Where are Lessons Offered
In Teacher Studio
In Student Home
At a Glance
– experienced performer/teacher working in Framingham, MA and nearby towns
– free trial lessons are available in my home – all ages and skill levels are welcome
– I use relaxation and focus to improve technique and to make learning and playing music easier and more enjoyable
– I’m an experienced composer and also teach composition and music theory
In addition to being a seasoned classical performer and composer, I have more than 30 years experience as a piano teacher and have taught at a number of area colleges including the School for the Arts at Boston University. I think where I differ from most teachers is in problem solving: in my experience and certainly during my own training, the answer given to most piano students in response to problems they encounter usually seems to be some variation on “try harder.” The fact is, many students run into difficulties not because they’re not trying but because they’re stressed or simply lack the necessary skills and experience. Telling them to work harder doesn’t solve the problem and may make it worse. My teaching is influenced by many years of practices such as Vipassana meditation and Tai Chi: I try to understand where each student has issues and to use a combination of focused method and relaxation to help them remove obstacles. Effort is important, but it’s only part of the solution. I’m primarily a piano teacher, but have taught composition and music theory privately and at the university level.
My Teaching Philosophy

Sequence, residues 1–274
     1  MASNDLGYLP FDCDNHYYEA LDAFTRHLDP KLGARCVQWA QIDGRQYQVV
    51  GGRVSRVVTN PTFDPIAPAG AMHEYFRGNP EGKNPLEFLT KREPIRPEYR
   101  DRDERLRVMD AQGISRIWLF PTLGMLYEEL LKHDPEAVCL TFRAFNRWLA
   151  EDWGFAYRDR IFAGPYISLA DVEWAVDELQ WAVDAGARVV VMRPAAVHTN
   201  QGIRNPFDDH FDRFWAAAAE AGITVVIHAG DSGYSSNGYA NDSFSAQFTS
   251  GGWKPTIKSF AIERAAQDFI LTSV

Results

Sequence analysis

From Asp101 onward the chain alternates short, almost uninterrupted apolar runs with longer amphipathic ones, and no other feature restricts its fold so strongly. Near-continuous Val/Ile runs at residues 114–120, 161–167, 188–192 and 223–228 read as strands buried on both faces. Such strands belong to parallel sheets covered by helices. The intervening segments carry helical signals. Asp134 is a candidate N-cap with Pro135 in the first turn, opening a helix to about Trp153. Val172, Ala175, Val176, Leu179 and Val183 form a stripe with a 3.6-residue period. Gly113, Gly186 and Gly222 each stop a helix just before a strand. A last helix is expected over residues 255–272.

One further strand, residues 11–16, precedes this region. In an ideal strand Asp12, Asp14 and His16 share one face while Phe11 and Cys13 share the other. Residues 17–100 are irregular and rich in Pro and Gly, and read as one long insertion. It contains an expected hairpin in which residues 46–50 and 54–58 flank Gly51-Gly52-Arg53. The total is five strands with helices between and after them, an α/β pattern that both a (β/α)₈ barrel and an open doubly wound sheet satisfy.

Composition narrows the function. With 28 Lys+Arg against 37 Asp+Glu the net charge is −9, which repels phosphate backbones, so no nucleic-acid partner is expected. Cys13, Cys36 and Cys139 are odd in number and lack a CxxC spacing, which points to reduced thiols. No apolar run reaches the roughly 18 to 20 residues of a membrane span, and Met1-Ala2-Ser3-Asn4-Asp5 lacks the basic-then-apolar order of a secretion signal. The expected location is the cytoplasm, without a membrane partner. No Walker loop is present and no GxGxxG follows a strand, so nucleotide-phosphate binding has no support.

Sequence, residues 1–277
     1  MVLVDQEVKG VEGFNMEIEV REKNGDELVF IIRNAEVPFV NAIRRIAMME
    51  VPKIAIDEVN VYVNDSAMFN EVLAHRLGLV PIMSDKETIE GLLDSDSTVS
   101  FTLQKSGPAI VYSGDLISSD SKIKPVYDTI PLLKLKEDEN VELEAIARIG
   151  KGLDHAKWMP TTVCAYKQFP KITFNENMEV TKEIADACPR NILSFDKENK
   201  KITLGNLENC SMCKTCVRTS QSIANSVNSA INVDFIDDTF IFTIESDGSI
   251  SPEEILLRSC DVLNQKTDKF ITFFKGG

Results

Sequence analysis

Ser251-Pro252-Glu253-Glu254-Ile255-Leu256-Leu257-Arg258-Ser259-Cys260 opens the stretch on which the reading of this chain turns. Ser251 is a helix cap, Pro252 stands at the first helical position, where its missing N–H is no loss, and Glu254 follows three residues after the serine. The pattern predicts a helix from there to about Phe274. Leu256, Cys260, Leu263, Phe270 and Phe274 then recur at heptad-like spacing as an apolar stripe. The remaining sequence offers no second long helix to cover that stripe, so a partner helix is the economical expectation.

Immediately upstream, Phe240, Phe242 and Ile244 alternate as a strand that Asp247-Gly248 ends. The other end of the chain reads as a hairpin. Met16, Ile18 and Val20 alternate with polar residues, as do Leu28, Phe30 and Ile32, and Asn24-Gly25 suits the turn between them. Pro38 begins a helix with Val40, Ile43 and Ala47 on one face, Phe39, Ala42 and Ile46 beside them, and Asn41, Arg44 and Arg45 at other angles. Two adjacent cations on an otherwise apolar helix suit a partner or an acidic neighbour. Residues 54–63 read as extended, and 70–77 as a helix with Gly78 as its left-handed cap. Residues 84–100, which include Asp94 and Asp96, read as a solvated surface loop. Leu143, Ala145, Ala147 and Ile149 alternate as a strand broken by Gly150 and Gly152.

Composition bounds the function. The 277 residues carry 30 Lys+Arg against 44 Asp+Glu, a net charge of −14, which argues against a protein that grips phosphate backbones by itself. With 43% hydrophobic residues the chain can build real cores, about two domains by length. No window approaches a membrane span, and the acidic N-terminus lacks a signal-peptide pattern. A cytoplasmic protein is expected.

My emphasis is on serious study but also on fun; I’m a traditionalist in the sense that I think real facility comes from mastering the basics – scales, sight reading, and so on – but I also believe that piano pedagogy can benefit greatly from modern insights into learning and relaxation – and most of all from a positive relationship with the teacher. Piano lessons do involve effort, but they can and should be enjoyable for the student. For this reason, I don’t require specific repertoire – you should play what you enjoy.
An administrator at Juilliard once said to me that Juilliard can only help you if you are a “pianistic talent:” which I think means that unless virtuoso piano playing comes naturally to you, Juillard isn’t interested – in other words, they’re not in the business of solving problems. I am in the business of solving problems: most students are not “naturals” – yet many are musical and some are very talented: for me good teaching is about helping every student to discover how to make playing effortless, as it is intrinsically for a very small percentage of the population. The aim is to get the greatest result for the least effort, both mentally and physically – but you can’t play a piece of music in a relaxed way unless you at least know the notes and fingerings. That takes commitment: good practicing is really about learning how to master difficulties gradually and with minimal stress. As far as how much you need to practice, 10 or 15 minutes a day is fine for a beginner – as time goes on, you should practice more, but how much more really depends on what you want to accomplish. I would rather have a twelve year old enjoy practicing a half hour a day than grit his teeth through an hour and half – and he might actually learn more. I’m a serious pianist and am certainly interested in teaching serious students, but I understand that most students aren’t seeking careers in music – what I’m hoping for is students who really want to improve, at whatever level: that’s something I can help you with.